Get Out of Holiday Debt in the New Year

Get Out of Holiday Debt in the New Year

Most adults exceed their holiday budget in the month of December. Luckily, with the turn of the year, you can make resolutions not just to diet but to recover from your debts as well. In order to do so effectively, however, you must plan long-term and with the intention of permanently curbing superfluous spending.

After assessing your holiday shopping statements, consider opening a new credit account with interest-free balance transfers. In the month of January, creditors typically promote 12- to 18-month 0% APR financing, which speaks directly to those who seek a debt management plan without incurring hefty one-time charges. The hiccup in this plan, however, is that credit card companies rarely allow customers to do this internally, so you may need to shop around for deals in the New Year.

Once you’ve transferred your balances, refrain from using your debt-free credit cards. Since all of your holiday debts remain in an interest-free environment, the last thing you want to do is charge more to a card that does increase monthly. For the first few months of 2014, switch to cash or debit transactions.

In order to tackle holiday debt quickly, make the New Year a time of saving by cutting costs wherever possible. For instance, when grocery shopping, download fliers for all grocers in the area and target deals specific to your list. Little cost cuts like this add up after a few weeks, ultimately helping your situation. Similarly, shop online whenever convenient to avoid retail inflation in-store. Although this may require a credit card — the one thing you’ve vowed never to use again — this is one exception you can make so long as you pay off the balance immediately.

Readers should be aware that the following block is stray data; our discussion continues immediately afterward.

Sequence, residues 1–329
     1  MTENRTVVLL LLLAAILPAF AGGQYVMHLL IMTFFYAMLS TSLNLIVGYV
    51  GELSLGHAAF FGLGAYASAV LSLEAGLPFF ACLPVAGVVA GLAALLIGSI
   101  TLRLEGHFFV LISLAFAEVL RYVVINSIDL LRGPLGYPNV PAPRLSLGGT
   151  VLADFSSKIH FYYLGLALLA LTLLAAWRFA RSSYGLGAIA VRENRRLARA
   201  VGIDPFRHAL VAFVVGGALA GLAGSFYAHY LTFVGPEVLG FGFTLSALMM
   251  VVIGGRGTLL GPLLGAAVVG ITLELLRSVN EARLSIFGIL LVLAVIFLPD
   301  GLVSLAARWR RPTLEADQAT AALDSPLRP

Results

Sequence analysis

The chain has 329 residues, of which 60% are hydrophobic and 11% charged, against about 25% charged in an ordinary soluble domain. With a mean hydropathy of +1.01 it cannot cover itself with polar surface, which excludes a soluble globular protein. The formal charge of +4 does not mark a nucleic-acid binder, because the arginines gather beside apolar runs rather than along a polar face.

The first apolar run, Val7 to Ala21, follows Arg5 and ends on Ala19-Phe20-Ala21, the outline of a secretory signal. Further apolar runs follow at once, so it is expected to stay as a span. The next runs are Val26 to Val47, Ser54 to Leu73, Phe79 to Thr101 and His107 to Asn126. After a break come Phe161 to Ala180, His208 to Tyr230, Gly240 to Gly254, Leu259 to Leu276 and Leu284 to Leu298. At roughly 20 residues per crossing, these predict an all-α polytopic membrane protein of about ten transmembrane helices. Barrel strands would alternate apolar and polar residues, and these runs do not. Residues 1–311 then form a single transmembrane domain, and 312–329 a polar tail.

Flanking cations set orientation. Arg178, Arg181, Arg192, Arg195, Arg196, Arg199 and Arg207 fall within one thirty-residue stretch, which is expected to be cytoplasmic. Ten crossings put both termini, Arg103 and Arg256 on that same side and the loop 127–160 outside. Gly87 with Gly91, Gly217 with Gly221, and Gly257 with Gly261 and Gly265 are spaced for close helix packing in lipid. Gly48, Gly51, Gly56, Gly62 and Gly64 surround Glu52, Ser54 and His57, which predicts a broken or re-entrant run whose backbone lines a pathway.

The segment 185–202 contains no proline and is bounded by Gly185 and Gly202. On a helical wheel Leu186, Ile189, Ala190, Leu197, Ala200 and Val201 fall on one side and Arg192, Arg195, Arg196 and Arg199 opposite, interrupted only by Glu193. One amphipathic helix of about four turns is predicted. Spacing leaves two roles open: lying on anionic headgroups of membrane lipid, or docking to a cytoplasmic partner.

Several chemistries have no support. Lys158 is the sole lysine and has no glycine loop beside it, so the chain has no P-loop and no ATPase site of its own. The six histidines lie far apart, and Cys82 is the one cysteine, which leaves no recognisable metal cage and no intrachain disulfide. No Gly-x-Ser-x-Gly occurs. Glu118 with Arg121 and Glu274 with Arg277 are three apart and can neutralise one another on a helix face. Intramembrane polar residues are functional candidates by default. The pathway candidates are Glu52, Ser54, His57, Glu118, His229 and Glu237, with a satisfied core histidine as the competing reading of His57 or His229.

Other purchases that you may drop from your weekly allowance include coffee, alcohol, premium cable channels, cigarettes, restaurants, premium gym memberships, and magazine subscriptions. You will surprise yourself how quickly these trivial purchases accumulate into one large unnecessary expense. While a night out is absolutely fine, limit your splurging and plan ahead for such times.

As you start to reduce your holiday debt, return to your financial institution and ask if there is room for more savings. Some of your accounts may be eligible for lowered interest rates. Depending on the bank, you may even spend hundreds a year maintaining your chequings account — even more with overdraft enabled. Similarly, the amortization period on your mortgage may be adjusted just like the conditions of a line of credit. Asking never hurts; it’s a big part of staying on top of your finances.